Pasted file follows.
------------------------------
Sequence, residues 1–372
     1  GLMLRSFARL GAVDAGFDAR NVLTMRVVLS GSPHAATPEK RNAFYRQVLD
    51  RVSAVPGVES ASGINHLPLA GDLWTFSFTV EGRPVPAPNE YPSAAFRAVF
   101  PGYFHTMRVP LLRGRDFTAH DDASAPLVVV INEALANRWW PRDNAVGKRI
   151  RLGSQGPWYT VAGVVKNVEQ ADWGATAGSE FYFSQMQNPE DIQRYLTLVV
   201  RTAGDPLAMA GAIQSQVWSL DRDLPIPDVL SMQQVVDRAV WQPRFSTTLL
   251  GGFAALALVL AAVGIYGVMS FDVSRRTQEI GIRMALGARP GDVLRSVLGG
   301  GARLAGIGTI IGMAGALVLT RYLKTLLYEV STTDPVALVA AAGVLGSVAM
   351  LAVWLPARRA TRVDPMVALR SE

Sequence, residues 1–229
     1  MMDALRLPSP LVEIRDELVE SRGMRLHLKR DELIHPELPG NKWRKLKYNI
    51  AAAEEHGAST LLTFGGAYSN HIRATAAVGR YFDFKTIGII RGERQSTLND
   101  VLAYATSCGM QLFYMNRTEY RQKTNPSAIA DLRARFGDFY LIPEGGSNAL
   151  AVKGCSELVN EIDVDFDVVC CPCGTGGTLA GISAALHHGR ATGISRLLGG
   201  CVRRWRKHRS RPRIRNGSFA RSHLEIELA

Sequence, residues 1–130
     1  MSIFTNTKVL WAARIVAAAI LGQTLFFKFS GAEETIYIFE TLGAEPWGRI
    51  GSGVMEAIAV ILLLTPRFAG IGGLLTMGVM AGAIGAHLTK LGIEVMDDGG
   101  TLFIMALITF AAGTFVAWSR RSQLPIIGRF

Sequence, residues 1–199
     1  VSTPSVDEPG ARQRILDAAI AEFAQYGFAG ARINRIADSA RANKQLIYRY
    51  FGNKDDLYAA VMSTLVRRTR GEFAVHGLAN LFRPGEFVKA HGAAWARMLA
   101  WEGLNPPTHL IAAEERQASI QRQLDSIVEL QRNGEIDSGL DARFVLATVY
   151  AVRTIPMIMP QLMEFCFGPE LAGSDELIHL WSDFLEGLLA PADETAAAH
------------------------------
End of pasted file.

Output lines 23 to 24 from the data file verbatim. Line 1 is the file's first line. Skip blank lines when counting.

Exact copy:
   101  WEGLNPPTHL IAAEERQASI QRQLDSIVEL QRNGEIDSGL DARFVLATVY
   151  AVRTIPMIMP QLMEFCFGPE LAGSDELIHL WSDFLEGLLA PADETAAAH